As charter schools have become more popular than ever, teachers unions dither about how to deal with them.
Though there are now over 6,000 charter schools in the U.S., including 1,000 in California, it’s not nearly enough to satisfy demand, as parents have awakened to the fact that many traditional public schools aren’t doing the job. According to a recent report released by the National Alliance for Public Charter Schools, 520,000 students nationwide are on waiting lists, 50,000 of them residing in the Golden State.
Charter schools are public schools that are allowed to operate outside the boundaries of costly multilayered district bureaucracies and piles of restrictive, union-mandated rules and regulations. If a charter doesn’t perform well, it gets shut down. (Interesting to note that when failing traditional public schools are closed in Philadelphia and Chicago, the teachers unions and their fellow travelers scream, but if a charter school closes – nary a peep from them.)
Studies have invariably proven that, while not a panacea, charters outperform traditional schools. An exception was the 2009 CREDO study, clung to by the unions and other naysayers, which found that charters didn’t outperform their counterparts. But the study was criticized for using flawed methodology that produced a biased result. However, a new CREDO study did indeed show that charters outperform traditional public schools, leaving the deniers with absolutely no credible defense.
But then again, the nation’s teachers unions never needed to cite any credible data because, well, they’re teachers unions. Their concern is not the most effective way to educate children; it is protecting the jobs of every last teacher, including the incompetents and worse. And the problem for the unions is that only 12 percent of charter schools nationally (15 percent in CA) are unionized.
So, the choice for the unions is to either try to kill charters or unionize them. For example, in this video we see former New York City teachers union vice-president Leo Casey pounding the table, demanding that charters be unionized. Stanley Aronowitz, a longtime union radical, refers to charter schools as “ratty” and “should be abolished,” before adding, “…yet at the same time we should organize them.”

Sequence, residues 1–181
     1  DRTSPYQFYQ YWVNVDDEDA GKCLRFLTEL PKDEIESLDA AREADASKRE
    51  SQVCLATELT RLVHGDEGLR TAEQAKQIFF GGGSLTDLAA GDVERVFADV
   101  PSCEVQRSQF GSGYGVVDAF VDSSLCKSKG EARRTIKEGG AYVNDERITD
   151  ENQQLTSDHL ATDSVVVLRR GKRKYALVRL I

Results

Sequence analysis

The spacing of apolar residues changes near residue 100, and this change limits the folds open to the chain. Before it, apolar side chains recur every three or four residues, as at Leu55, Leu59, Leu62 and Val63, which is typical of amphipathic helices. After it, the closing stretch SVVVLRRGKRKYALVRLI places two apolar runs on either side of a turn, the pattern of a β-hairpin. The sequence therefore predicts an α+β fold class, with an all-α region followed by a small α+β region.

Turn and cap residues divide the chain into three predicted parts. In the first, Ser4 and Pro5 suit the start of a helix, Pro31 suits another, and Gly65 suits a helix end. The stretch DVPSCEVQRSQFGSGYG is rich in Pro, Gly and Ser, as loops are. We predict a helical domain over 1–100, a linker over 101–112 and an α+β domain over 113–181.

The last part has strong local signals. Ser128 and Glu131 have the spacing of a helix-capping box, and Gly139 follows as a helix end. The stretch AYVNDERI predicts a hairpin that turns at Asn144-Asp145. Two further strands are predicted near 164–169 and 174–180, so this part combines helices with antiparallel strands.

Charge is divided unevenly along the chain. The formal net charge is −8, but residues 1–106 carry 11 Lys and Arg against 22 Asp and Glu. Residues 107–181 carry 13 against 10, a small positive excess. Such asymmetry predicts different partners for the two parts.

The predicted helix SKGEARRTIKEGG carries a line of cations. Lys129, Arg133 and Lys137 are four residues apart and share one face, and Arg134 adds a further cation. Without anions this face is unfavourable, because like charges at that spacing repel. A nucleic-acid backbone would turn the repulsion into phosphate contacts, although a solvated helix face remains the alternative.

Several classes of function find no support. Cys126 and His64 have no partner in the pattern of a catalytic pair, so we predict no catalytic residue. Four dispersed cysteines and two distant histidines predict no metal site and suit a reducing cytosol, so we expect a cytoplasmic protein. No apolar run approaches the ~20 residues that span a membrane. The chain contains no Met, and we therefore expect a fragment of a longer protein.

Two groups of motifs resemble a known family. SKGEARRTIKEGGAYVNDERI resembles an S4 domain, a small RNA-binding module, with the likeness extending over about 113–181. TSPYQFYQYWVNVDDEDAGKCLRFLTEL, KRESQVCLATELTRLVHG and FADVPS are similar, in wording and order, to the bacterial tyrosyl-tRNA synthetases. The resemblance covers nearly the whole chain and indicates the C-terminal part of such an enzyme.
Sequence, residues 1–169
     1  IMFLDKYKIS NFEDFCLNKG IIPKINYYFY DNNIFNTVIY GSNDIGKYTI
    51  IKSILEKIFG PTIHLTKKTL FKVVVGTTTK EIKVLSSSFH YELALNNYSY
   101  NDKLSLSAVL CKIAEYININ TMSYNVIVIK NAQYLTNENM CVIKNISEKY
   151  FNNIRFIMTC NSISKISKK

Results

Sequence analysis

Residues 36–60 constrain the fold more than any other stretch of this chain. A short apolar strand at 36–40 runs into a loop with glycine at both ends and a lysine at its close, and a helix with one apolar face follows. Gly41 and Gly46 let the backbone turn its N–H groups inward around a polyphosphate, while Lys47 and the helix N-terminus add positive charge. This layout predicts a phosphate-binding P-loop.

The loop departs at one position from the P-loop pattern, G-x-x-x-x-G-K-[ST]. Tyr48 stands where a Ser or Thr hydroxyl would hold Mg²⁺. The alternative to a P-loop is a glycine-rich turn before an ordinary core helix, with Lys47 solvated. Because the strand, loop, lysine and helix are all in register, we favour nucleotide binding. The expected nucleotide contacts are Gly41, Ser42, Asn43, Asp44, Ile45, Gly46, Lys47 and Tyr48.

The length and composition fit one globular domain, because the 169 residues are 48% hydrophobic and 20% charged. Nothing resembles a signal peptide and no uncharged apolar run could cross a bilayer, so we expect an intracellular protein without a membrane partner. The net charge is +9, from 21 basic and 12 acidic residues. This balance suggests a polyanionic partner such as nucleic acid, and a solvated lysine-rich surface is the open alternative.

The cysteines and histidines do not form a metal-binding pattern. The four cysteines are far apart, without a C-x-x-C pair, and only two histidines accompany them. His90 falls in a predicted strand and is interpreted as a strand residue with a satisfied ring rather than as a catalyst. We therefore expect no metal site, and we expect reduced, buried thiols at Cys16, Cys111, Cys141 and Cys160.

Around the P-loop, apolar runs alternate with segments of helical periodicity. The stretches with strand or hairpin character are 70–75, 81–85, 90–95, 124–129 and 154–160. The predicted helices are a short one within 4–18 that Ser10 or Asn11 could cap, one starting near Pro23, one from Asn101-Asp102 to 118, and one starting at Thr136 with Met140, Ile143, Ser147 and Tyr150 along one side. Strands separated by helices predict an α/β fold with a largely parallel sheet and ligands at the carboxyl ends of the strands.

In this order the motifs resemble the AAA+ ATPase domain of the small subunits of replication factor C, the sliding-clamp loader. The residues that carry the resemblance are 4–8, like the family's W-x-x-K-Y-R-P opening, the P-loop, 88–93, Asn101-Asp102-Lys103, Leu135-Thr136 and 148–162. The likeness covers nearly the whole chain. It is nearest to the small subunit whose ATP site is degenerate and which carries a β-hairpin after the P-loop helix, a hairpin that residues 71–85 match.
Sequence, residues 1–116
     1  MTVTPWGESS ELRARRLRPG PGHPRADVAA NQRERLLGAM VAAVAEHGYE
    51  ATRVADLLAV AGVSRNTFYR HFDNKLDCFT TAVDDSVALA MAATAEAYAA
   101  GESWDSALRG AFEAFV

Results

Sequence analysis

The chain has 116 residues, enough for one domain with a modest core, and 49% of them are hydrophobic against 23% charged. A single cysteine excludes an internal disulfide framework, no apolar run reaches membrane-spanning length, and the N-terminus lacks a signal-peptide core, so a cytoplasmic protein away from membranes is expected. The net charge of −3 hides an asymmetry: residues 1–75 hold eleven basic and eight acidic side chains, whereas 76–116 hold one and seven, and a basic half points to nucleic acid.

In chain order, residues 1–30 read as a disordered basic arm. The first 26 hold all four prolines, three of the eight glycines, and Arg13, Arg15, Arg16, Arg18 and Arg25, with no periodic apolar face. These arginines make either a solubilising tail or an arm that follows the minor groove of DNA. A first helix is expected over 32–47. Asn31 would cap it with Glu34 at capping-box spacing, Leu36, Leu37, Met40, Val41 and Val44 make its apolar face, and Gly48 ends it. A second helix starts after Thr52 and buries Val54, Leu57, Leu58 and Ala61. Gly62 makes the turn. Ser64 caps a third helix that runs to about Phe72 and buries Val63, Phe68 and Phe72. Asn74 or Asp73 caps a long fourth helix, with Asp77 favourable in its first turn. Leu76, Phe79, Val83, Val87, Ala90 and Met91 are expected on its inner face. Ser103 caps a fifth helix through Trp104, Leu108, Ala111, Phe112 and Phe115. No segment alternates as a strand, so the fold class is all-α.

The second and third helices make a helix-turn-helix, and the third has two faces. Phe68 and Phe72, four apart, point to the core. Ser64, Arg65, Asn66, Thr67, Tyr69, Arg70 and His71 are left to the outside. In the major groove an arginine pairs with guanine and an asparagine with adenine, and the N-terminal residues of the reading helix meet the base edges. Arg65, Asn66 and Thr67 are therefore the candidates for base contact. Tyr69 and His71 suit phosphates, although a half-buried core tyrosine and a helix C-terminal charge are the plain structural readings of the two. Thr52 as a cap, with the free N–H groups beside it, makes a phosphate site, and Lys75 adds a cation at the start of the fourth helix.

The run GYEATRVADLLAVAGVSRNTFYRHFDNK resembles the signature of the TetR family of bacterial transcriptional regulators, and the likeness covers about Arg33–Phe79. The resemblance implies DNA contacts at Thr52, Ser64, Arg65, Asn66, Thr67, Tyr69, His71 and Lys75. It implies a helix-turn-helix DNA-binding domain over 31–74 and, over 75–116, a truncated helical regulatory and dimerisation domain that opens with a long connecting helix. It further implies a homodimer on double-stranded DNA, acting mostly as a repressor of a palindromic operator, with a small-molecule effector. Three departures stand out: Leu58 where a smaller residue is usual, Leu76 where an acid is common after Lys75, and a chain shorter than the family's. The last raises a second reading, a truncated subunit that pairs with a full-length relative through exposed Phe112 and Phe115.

American Federation of Teachers president Randi Weingarten was in “kill” mode when she said,
We should ask ourselves why we keep pitting charter schools against neighborhood public schools — a strategy that has created little more than a disruptive churn.
But the same Randi Weingarten, in “unionize” mode, after the AFT managed to organize 13 charters in Chicago said,
This is a turning point… This has the potential to change the conversation between charter operators and teachers.
On the national stage, The Wall Street Journal reports that the unions have
… drives under way at charter schools in several large cities, including Chicago, San Diego, and Philadelphia. NEA members adopted a resolution last year that “encourages” organizing efforts in charters and directed the national office to share with local chapters “key information” about lessons from previous union drives.
Here in California, the California Teachers Association seems to be at a “kill or unionize” crossroads. As teacher union watchdog Mike Antonucci writes,
The union will decide in the coming months whether to send its monthly organ, California Educator, to all active charter school teachers, to create promotional materials for distribution to charter school teachers about the joys of teachers’ unions, and to create workshops for union activists with the title “How to Unionize Charter School Teachers.”
Yet at the same time CTA